We have never (that I can recall) had a problem with chicks getting droopy wings. When I bought the 3 older birds, I also brought home 5 six week old chicks from another breeder, and they were out in the garden as much as the older ones and have not gotten sick. This is the first time we've ever bought chickens from an outside source, besides the feed store or a hatchery.

So what do you think? Coccidiosis? Vitamin deficiency? Mold exposure? Could it be Marek's?

How can you really know if it is Coccidiosis? Can treating for Cocci with Corid cause a vitamin B deficiency that would be able to lame or kill a chick? Mom broke out the microscope and we are thinking about taking stool samples later to see if we can see the coccidia oocysts.
The only 100% certain way to know exactly what kind of internal parasite they have is to get a fecal float test. Other than that, it's all speculation... which can be very accurate, but won't give you a definitive answer.
The only 100% certain way to know exactly what kind of internal parasite they have is to get a fecal float test. Other than that, it's all speculation... which can be very accurate, but won't give you a definitive answer.

Okay. We have still not checked their feces under our microscope but will have to look into getting stuff to do that test.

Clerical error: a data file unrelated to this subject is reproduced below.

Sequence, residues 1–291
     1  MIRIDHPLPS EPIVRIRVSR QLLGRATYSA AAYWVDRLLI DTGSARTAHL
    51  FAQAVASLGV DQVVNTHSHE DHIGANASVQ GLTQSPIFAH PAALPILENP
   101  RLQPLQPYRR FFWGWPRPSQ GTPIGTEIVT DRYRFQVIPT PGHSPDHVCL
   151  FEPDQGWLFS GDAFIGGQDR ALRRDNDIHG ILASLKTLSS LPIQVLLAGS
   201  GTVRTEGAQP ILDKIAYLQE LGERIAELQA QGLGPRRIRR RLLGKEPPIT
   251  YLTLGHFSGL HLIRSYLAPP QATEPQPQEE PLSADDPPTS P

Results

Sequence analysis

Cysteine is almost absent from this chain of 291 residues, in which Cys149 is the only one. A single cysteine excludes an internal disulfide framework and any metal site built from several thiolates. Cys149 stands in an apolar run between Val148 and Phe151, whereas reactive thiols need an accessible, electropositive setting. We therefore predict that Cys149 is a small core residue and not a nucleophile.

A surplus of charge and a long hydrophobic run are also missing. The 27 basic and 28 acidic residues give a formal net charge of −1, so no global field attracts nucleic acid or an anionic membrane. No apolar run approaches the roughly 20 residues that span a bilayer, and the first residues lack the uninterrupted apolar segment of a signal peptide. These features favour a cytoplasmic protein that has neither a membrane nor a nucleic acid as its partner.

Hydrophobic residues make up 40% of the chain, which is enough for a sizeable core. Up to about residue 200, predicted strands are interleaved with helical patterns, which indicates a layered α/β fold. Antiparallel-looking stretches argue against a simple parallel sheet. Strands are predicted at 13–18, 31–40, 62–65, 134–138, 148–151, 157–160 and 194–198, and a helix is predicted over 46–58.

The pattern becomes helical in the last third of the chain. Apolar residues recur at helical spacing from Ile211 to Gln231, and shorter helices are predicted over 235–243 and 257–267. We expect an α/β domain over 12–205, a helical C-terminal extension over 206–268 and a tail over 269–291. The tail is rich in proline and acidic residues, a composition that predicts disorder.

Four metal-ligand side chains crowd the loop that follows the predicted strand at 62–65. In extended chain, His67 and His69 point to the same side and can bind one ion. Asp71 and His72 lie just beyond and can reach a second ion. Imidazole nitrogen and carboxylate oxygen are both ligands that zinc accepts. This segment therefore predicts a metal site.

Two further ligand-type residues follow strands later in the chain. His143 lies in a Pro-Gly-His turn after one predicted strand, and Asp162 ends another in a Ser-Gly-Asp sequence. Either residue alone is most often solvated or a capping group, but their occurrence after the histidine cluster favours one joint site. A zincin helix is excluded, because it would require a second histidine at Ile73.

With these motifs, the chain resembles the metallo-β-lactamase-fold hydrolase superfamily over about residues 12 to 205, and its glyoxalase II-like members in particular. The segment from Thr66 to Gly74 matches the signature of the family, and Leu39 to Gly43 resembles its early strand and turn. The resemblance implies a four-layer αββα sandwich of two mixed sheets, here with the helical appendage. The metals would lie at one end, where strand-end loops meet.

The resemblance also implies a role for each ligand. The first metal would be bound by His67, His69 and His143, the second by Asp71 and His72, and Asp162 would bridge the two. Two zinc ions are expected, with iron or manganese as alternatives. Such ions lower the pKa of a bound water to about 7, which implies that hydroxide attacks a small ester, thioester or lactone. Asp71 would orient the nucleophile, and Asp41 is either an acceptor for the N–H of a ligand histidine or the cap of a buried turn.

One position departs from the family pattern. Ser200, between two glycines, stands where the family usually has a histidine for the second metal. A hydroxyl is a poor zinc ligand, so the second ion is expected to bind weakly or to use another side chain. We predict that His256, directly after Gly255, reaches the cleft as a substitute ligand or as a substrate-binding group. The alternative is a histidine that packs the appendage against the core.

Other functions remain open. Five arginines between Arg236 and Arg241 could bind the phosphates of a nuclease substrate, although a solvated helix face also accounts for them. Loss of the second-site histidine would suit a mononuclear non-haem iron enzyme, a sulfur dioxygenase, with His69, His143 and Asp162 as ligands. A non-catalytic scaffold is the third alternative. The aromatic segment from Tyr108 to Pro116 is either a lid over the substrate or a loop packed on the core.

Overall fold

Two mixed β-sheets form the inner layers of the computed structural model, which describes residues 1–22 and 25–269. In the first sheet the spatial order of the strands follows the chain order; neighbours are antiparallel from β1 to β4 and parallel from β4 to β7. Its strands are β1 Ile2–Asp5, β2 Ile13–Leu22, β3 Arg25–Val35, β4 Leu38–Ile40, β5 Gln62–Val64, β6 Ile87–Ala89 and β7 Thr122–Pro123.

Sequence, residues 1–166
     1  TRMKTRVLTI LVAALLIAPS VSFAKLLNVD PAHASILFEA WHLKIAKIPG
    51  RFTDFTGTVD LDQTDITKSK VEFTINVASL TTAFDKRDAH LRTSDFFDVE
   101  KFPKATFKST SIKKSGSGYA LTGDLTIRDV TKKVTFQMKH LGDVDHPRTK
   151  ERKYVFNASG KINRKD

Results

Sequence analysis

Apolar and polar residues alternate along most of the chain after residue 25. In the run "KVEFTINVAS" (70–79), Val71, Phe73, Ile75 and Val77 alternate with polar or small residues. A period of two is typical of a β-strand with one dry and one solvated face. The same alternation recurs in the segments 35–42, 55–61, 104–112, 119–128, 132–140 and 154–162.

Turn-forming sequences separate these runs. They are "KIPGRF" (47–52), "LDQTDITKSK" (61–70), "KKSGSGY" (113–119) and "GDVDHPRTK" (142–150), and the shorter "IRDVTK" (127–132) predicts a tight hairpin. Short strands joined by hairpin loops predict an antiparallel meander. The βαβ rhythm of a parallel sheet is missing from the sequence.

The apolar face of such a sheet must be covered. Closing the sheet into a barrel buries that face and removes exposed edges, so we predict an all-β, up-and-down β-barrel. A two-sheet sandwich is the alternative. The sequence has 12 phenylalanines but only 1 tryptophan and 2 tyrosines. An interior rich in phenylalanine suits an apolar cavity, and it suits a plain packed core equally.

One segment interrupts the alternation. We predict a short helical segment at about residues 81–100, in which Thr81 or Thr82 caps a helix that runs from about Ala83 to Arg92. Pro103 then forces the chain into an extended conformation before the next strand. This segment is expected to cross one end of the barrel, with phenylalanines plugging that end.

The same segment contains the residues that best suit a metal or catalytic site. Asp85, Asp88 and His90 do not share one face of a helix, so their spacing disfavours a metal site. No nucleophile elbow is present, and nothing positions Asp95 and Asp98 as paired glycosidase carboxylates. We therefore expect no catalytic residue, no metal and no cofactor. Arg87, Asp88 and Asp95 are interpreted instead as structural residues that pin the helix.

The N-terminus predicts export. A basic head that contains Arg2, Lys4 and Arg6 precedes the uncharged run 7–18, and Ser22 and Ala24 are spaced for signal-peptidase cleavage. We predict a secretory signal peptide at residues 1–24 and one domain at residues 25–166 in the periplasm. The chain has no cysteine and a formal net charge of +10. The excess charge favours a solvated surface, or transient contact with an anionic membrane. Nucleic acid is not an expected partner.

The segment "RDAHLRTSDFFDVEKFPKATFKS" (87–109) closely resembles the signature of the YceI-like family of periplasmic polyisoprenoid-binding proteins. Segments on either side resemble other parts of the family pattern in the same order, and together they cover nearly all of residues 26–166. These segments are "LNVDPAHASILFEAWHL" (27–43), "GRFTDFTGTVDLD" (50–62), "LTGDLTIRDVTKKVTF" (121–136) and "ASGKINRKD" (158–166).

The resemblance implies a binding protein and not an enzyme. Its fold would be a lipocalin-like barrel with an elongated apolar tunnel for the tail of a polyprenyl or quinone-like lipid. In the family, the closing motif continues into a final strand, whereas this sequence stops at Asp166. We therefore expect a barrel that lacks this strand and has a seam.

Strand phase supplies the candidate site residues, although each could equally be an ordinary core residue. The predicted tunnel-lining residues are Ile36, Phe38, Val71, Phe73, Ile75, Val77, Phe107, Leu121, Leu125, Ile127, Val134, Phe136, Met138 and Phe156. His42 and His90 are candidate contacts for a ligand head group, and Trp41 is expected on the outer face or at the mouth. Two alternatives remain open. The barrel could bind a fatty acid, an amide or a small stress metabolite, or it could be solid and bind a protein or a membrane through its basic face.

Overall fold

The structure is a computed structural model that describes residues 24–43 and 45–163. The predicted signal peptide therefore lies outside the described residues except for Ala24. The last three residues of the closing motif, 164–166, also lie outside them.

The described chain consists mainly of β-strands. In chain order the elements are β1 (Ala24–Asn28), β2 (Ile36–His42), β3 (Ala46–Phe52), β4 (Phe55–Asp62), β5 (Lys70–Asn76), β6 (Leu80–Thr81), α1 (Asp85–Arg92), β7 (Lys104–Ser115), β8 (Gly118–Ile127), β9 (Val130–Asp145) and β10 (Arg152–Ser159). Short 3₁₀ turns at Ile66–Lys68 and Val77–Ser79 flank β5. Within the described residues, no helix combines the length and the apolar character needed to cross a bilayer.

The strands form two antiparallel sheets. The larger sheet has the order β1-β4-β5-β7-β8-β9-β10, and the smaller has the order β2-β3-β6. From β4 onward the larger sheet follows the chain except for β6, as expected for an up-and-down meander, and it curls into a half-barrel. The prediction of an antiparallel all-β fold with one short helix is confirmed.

The Splash chick hasn't shown any more signs of being sick, just the pasty poo that one day. The White chick seems to have improved a little bit. She's not as droopy as before and is holding her wings better. Still a little wobbly, but not too bad. I was just wondering about this because none the chicks I've hatched or bought from hatcheries have gotten sick like this, although once a guinea keet got droopy winged and wobbly and I was told it was a yeast infection. But I guess it could be that chicks I've hatched have more of a resistance to our strain(s) of Cocci since their parents live here, and/or because the hatchery chicks are so young when they come here that they start building a resistance right away. Thank you for the response, Silkiechicken.
Yes, early exposure is one of the best ways to grow up chicks immune to your strains of cocci. Chicks hatched from your flock or given just a bit of dry soil from your area in the brooder within the first few days will give them a low dose exposure which will greatly help them gain immunity. Medicated feeds will aid their immunity development by not allowing ingested protozoa from reproducing.